Issue: March 2016, A roundabout, not a one-way street – Making sustainable waste management work
A better world tomorrow?
Editorial by Michael Sailer, CEO, Oeko-Institut
617 kilos: that’s the average amount of waste generated by every German every year. That means that at my age, I have produced more than 38 tonnes of waste in my lifetime – perhaps slightly less, assuming that we lived in a less wasteful society in the past. As children, we learned what could be thrown away and what was to be used for a long time. Not that I am harking back to the “good old days”: on the contrary, we can all remember the problems that affected waste disposal well into the 1980s. In those days, landfill was the default option for the disposal of all types of waste, with no thought given to recycling or reducing the volume of waste. And as mountains of hazardous waste built up at poorly secured landfill sites, toxins leached into groundwater and methane from landfill gas escaped into the atmosphere.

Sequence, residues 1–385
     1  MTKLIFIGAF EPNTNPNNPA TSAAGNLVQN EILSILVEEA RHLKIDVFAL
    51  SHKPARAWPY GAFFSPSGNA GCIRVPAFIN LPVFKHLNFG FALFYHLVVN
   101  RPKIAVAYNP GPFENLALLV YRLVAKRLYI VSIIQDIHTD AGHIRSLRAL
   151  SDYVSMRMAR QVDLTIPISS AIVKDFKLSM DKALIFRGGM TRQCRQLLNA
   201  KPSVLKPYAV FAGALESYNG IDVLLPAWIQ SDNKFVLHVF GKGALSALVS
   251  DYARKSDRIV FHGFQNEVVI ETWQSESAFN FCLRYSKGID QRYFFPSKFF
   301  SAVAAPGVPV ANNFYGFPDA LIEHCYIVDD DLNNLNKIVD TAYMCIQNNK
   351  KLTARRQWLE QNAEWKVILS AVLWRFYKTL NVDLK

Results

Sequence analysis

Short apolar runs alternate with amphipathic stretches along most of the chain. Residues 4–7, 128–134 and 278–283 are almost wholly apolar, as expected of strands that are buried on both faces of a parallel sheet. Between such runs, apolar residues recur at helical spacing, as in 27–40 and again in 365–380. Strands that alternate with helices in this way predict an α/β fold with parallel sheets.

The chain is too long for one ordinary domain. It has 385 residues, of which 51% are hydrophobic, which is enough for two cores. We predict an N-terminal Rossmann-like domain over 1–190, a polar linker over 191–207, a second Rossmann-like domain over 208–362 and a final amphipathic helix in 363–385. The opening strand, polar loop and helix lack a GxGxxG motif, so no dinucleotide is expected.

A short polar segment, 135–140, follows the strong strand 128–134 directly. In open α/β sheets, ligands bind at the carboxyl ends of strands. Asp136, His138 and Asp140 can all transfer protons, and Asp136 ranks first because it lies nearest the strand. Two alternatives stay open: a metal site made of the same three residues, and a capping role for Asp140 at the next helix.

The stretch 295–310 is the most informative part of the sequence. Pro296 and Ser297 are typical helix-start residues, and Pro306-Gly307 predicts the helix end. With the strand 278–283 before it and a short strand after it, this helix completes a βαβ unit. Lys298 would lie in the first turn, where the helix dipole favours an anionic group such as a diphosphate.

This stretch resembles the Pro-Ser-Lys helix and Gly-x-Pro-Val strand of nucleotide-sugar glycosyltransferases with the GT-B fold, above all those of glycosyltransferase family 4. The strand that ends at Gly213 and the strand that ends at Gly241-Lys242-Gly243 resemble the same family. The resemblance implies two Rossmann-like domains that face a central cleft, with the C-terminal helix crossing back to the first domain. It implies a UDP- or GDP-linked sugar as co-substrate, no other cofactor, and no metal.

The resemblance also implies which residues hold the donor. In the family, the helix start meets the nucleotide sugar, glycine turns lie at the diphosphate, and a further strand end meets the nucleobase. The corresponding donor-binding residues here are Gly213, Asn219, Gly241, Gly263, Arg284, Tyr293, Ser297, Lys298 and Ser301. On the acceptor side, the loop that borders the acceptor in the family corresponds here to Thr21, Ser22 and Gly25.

So what do we need from a sustainable circular economy today? In this issue of eco@work, we provide some answers. Less and cleaner: these two keywords describe at least part of the solution. We consider how we can produce less waste, how we can put it to good use as a source of energy and materials in a circular economy, and how we can ensure that problematical waste streams are treated and disposed of properly. We look at how Germany and Europe are tackling these challenges. And we revisit the facts in more detail: how much waste is being produced, and where? Which preconceptions exist in relation to waste and recycling, and how do we tackle them? Just how useful is waste separation in reality? And in our interview, Stéphane Arditi from the European Environmental Bureau tells us how the EU member states are trying – and succeeding – to move towards a circular economy.
I hope you enjoy this issue of eco@work.